Addy Learns a Lesson (Book 2); Addy Saves the Day (Book 4)
by Connie Porter, published 1993
Sarah looked at Addy. “You is coming to school, ain’t you?” “Momma say I can go,” Addy answered. “That’s good,” said Sarah. “We learn to read and write…You gonna like school. You’ll see.”
Written in dialect, an African-American girl’s journey from slavery to freedom unfolds in this series of historical fiction children’s books. No doubt I am the least qualified to review this from a cultural sensitivity point of view, as I’m not African-American. Yet from a literary viewpoint, I think that the author has done a great job of bringing an era of history alive. I read two of the books in the series, and felt informed as well as interested in the outcome.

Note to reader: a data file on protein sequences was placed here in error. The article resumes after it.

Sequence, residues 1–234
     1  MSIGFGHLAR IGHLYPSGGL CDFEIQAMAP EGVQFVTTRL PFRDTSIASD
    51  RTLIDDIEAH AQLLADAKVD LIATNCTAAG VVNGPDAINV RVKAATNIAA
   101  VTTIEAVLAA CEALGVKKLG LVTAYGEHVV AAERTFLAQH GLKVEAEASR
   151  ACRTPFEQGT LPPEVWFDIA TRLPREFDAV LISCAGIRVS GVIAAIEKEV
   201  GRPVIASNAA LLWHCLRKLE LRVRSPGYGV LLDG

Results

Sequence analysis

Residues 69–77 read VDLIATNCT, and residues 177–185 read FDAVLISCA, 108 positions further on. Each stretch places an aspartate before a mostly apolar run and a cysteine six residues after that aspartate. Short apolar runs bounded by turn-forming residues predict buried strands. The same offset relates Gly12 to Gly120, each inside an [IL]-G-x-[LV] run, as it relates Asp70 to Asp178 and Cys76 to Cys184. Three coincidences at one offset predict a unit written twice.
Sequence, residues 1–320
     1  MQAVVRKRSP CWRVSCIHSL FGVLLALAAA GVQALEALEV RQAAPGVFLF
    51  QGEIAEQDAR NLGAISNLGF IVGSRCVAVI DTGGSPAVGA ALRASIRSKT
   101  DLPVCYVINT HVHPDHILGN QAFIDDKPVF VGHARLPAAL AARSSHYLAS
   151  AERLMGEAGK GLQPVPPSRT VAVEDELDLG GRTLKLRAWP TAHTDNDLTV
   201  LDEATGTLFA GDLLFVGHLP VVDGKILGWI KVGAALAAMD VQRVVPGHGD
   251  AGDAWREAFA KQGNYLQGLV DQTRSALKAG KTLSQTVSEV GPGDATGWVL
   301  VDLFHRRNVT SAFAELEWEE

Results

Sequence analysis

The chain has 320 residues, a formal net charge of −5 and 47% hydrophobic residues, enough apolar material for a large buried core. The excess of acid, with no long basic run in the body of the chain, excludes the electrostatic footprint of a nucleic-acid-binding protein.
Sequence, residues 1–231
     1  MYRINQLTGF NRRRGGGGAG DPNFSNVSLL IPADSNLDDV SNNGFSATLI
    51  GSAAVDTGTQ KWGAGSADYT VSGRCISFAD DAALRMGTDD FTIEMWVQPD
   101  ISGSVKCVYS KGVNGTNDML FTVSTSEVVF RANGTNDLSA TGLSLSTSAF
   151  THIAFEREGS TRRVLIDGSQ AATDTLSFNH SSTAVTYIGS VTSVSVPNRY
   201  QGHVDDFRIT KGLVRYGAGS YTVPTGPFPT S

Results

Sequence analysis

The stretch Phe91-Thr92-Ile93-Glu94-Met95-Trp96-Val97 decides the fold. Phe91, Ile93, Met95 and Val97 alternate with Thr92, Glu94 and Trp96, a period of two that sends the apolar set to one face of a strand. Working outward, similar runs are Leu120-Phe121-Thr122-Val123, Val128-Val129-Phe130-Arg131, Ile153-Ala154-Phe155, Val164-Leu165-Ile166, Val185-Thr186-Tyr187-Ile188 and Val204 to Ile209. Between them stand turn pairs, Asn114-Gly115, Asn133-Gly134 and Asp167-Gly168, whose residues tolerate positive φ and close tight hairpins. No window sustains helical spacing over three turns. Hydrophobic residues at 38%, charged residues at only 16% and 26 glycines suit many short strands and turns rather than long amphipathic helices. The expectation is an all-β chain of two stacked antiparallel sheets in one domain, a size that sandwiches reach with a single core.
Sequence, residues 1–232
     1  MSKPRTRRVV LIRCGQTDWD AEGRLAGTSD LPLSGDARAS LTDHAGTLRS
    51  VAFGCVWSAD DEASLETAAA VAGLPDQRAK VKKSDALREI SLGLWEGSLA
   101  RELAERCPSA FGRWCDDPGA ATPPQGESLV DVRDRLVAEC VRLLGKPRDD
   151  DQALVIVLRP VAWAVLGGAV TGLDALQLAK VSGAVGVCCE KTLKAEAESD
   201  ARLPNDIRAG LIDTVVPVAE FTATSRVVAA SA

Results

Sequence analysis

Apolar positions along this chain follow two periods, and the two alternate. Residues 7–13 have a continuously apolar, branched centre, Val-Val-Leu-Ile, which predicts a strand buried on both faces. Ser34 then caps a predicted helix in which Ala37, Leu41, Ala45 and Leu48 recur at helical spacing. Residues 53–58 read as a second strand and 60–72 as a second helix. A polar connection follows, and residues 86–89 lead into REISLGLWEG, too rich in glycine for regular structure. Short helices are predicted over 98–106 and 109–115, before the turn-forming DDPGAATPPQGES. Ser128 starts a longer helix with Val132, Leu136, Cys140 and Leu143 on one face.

In each book, there is an appendix that has historical information to support its contents. The research appears to be quite thorough especially regarding the dialect and customs presented.
I particularly like that the children’s books I read have a real-life drama in it, that is compelling and important to know about – the separation of families during their escapes to freedom. I was not familiar with just how hard it was for families to not only stay together, but also to find each other once they left the south.
I think it is essential for children to read about our history from children’s books like these, where the events become associated with human names and faces. I highly recommend the series for any classroom or home school situation.